Technical faults were not to blame for the Russian plane crash on Saturday, officials have said, adding to speculation that the aircraft may have been brought down by militants.
A spokeswoman for Kogalymavia, which operated the Metrojet flight, said on Monday that it is "impossible" that a technical fault caused its jet to break up, killing 224 people.
An airline executive said that the only reasonable explanation for the crash in Egypt was "an external influence." Pilot error was also ruled out as a cause.
Wreckage of the crash
Yet a source in the Egyptian investigation committee said that the plane was not struck from the outside, Reuters reports.
During a press conference on Monday, the cause of the crash was attributed to "some kind of impact", causing the plane to start falling apart in mid-air as it flew over Egypt.
They added: "This plane was in excellent technical condition."
The conference was held as the bodies of those who died in the crash began arriving in St Petersburg today.
On Sunday, terrorist group, IS, released footage online purporting to be "proof" that they were responsible for the disaster.
At the press conference on Monday, officials refused to say whether the plane was the target of a terrorist attack, adding: "It could be anything so let's just wait for the official results."
Responding to "footage" released by IS, an airline spokesman said: "You can't rule out anything, but the video that you can see on the internet clearly indicates that it's a fake."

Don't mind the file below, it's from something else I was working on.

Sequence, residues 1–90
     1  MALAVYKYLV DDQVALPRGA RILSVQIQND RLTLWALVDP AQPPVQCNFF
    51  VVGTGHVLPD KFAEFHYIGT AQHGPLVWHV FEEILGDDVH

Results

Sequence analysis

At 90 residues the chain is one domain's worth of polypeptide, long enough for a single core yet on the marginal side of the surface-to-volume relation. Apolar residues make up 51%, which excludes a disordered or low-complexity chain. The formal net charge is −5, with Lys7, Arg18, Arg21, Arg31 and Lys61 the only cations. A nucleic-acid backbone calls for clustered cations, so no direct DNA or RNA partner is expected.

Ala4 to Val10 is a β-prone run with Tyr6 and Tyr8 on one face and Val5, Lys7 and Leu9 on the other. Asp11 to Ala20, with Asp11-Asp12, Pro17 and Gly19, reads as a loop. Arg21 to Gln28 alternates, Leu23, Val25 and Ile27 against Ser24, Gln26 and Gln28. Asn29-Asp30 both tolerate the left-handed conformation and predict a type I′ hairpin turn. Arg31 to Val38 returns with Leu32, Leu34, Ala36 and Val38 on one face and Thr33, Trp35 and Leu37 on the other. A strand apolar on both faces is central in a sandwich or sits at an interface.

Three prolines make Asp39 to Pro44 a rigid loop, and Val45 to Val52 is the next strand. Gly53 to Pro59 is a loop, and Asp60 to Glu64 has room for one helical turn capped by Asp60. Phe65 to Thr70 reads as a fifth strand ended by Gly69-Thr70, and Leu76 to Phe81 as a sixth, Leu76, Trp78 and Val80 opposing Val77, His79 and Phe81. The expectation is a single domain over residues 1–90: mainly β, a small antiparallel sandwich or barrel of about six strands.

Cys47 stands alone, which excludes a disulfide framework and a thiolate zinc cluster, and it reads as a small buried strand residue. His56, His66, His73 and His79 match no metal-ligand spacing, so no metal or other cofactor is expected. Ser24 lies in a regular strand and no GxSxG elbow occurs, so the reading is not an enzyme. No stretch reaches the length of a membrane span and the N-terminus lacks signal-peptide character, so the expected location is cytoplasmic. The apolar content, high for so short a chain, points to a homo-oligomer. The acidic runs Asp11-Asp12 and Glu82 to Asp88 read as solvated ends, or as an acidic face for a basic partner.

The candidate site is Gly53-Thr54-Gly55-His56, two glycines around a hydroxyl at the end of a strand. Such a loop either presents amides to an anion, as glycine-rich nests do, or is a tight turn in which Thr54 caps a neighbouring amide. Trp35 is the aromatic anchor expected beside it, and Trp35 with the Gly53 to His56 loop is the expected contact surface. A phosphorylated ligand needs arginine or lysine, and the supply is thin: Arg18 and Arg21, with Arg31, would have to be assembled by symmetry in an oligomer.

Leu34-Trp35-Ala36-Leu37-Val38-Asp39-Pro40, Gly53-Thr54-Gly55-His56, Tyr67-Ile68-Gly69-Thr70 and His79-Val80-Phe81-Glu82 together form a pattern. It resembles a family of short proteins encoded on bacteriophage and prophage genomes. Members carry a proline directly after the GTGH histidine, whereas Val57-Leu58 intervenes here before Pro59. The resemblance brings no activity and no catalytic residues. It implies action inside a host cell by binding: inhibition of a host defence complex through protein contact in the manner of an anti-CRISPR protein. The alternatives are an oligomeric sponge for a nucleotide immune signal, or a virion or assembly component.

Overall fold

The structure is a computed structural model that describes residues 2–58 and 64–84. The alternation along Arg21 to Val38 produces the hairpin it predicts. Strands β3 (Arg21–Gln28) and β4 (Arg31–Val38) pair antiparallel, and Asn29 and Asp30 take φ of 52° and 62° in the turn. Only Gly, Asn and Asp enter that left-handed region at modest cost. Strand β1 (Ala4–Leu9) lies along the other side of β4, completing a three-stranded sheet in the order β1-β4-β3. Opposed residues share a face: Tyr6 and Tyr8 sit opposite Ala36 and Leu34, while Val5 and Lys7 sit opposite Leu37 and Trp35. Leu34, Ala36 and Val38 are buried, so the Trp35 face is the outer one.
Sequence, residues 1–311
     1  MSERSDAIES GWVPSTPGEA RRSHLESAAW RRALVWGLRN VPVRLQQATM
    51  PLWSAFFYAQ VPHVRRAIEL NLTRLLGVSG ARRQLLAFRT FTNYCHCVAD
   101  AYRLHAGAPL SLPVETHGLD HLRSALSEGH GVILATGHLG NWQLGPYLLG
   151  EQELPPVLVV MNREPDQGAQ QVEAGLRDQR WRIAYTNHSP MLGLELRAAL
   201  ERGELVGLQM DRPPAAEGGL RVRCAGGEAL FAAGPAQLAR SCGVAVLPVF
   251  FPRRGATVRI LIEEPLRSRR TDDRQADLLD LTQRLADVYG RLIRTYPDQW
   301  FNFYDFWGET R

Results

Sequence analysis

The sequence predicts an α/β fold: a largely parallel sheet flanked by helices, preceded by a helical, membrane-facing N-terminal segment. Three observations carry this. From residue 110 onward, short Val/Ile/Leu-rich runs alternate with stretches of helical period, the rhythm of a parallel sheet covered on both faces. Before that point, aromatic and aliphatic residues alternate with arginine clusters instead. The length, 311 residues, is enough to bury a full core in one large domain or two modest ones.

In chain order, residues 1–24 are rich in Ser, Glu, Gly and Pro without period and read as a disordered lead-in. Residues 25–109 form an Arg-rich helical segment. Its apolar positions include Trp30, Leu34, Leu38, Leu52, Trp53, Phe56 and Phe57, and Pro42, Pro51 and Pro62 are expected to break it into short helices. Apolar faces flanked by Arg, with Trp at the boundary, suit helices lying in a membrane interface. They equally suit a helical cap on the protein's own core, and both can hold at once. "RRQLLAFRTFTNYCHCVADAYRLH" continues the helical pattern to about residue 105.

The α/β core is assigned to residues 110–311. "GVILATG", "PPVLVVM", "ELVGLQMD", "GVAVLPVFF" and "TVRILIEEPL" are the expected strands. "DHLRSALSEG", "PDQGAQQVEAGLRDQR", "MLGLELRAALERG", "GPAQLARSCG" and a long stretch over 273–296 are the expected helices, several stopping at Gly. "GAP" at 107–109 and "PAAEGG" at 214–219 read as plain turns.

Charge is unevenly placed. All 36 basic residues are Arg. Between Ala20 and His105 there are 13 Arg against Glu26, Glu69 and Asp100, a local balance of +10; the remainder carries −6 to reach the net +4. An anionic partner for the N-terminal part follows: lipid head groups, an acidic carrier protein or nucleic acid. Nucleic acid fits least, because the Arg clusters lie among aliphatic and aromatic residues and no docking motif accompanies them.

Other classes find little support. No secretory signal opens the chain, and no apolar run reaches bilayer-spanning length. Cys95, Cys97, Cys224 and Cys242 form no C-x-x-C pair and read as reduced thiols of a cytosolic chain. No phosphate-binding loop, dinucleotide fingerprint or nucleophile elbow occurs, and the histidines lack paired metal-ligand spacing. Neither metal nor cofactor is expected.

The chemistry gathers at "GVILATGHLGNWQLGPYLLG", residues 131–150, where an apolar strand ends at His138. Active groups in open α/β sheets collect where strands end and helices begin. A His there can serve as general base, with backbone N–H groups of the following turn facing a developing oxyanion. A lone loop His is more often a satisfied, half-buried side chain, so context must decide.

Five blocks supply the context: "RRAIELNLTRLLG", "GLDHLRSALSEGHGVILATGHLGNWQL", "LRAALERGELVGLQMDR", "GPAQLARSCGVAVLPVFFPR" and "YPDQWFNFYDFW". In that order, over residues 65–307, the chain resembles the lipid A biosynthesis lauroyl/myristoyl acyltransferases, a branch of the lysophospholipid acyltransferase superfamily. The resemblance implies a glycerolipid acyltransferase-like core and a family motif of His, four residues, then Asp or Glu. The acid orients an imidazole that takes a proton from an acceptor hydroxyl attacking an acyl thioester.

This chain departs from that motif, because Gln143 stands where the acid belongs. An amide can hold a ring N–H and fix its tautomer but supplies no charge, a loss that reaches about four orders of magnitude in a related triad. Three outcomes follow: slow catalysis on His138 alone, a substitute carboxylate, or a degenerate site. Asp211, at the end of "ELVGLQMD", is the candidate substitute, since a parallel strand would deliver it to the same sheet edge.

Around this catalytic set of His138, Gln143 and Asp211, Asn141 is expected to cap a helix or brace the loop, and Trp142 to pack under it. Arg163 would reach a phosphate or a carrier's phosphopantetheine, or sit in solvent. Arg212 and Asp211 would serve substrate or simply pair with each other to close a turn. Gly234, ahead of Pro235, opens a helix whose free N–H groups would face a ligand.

Contradictory reports are circulating from Russian and Egyptian authorities.
While Egyptian officials say that the pilot reported a technical problem and wanted to make an emergency landing at the nearest airport, a Metrojet official says that its crew did not send a distress call or contact Egyptian traffic controllers before the plane crashed.
Two black boxes have been recovered from the crash scene, but investigators have yet to determine the cause of the disaster.
On Sunday, IS released a statement that said: "Soldiers of the Caliphate were able to bring down a Russian plane above Sinai Province with at least 220 Russian crusaders aboard.
"They were all killed, praise be to God. O Russians, you and your allies take note that you are not safe in Muslims lands or their skies.
"The killing of dozens daily in Syria with bombs from your planes will bring woe to you. Just as you are killing others, you too will be killed, God willing."
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The Airbus A-321 was bound for St Petersburg crashed shortly after taking off from the resort of Sharm el-Sheikh.
It was carrying 221 Russians and three Ukrainians, mainly tourists returning from their holidays.
There were 17 children on board.
Flight 7K9268 vanished from radars just 23 minutes after take-off.
Although the so-called Islamic State terror group tried to claim responsibility for the crash, many were sceptical, with one expert calling it "almost certainly nonsense".
The aircraft belonged to Russian airline Kogalymavia, also known as Metrojet, and was carrying mainly Russian tourists at the time.